This group has a prevailing system of laws that is followed by its members. The people still utilize forest areas to meet daily needs, to formally acknowledge their existence as an ethnic group in the region. It is an essential first step towards supporting their way of life.

But they need more robust protection in the future, such as Customary Forest status, a forest that is not burdened with land rights. Under this status, the management of the forest is delegated to Indigenous People to avoid further environmental and forest degradation and social conflicts.

The Punan Batu’s story reminds them of Borneo’s rich cultural diversity and deep ancestry. As we continue to learn more about them, preserving their cultural heritage and forest as their home is crucial. They are a living link to the past and a valuable source of knowledge and wisdom for the future.

More information:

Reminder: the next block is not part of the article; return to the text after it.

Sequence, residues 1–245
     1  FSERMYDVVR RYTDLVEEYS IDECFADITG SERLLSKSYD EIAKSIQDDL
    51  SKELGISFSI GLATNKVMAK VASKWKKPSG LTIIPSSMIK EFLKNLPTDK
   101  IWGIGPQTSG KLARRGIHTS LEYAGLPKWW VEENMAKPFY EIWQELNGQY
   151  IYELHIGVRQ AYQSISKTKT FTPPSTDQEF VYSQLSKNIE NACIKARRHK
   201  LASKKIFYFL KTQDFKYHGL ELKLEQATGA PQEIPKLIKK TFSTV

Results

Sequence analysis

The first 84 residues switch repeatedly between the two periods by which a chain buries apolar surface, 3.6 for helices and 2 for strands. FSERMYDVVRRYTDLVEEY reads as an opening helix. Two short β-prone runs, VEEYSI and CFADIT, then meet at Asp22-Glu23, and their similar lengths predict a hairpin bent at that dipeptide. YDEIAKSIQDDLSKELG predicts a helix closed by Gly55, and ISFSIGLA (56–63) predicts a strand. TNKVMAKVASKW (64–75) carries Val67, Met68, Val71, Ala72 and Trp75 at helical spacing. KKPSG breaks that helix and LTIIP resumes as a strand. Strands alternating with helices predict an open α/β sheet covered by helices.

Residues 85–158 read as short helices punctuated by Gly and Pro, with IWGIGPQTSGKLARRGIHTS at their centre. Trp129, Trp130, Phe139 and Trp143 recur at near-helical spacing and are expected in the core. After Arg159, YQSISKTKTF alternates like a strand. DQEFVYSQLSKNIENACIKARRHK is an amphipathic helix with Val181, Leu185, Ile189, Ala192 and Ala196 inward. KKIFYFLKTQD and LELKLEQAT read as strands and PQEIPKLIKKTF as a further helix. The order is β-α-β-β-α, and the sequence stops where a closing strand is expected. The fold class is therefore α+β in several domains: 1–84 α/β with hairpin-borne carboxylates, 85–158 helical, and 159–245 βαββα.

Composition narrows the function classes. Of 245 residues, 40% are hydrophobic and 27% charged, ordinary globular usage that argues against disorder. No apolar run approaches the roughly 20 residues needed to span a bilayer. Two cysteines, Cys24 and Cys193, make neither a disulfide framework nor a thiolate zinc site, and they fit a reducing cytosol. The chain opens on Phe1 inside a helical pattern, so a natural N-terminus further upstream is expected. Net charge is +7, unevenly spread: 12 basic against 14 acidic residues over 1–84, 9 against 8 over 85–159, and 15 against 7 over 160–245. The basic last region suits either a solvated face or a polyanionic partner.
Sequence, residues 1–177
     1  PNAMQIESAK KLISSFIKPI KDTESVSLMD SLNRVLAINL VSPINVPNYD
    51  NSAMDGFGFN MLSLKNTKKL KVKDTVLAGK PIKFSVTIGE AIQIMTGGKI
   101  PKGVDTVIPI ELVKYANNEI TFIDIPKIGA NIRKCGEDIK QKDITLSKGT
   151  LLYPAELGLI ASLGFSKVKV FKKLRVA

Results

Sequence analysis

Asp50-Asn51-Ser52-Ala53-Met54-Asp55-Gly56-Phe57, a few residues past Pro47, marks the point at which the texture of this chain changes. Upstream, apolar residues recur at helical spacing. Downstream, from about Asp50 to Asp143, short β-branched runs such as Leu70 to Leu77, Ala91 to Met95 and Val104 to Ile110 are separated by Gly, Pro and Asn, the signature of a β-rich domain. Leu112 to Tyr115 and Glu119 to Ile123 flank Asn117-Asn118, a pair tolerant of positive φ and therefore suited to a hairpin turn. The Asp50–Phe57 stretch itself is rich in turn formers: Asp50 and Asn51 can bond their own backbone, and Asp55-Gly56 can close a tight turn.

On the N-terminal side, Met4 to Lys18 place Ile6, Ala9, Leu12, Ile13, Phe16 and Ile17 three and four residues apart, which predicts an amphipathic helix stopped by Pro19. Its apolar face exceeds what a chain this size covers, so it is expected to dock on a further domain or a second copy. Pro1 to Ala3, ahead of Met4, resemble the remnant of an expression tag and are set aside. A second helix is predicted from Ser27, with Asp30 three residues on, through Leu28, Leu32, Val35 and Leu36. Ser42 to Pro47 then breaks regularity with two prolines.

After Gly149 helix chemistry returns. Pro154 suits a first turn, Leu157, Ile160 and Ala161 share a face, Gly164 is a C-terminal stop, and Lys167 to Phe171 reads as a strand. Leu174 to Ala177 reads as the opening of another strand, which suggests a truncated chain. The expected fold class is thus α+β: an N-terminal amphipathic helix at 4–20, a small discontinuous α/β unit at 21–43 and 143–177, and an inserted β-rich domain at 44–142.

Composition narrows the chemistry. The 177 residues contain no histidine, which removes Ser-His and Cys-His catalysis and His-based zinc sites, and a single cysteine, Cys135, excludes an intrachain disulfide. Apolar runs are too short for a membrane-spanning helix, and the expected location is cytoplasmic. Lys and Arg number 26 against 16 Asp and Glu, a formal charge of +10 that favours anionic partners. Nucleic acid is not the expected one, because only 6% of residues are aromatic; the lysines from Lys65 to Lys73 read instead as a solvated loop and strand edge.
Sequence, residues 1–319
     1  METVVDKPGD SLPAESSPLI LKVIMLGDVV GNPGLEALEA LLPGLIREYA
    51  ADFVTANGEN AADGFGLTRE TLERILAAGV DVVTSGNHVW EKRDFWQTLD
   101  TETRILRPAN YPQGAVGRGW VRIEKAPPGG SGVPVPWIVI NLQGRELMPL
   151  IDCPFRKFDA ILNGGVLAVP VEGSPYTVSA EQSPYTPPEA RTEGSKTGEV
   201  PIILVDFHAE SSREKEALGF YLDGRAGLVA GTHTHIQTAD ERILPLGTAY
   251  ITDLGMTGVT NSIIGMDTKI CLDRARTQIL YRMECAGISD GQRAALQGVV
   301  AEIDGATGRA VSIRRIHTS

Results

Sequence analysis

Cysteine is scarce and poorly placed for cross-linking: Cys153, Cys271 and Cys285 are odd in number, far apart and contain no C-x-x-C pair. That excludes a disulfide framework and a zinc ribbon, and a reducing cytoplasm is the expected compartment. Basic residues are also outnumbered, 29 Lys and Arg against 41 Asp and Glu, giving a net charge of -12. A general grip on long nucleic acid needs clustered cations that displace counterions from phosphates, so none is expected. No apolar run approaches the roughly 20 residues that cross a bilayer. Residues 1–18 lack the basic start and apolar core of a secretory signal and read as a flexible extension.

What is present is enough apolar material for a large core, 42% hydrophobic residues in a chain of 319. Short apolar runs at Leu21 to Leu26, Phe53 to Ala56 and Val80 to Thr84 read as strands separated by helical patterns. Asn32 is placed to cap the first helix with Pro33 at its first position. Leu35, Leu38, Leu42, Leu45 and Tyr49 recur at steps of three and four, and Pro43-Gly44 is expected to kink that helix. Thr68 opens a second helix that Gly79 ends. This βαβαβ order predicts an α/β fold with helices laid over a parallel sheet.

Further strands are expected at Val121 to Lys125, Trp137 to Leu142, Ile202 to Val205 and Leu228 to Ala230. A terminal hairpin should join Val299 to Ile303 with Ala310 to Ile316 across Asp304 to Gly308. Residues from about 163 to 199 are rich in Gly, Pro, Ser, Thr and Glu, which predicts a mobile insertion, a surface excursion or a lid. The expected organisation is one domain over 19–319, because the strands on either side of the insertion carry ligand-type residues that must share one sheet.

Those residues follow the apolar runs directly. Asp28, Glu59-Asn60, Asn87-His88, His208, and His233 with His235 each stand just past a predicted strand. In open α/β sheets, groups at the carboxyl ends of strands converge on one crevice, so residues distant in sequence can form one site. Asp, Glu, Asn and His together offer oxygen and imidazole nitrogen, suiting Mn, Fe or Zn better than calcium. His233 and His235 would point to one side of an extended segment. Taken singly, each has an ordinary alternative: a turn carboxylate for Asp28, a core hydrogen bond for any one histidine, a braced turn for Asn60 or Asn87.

Pradiptajati Kusuma et al, Deep ancestry of Bornean hunter-gatherers supports long-term local ancestry dynamics, Cell Reports (2023). DOI: 10.1016/j.celrep.2023.113346

Provided by
The Conversation


This article is republished from The Conversation under a Creative Commons license. Read the original article.The Conversation

Citation:
New genetic research uncovers the lives of Bornean hunter-gatherers (2023, December 5)
retrieved 5 December 2023
from https://phys.org/news/2023-12-genetic-uncovers-bornean-hunter-gatherers.html

This document is subject to copyright. Apart from any fair dealing for the purpose of private study or research, no
part may be reproduced without the written permission. The content is provided for information purposes only.




New genetic research uncovers the lives of Bornean hunter-gatherers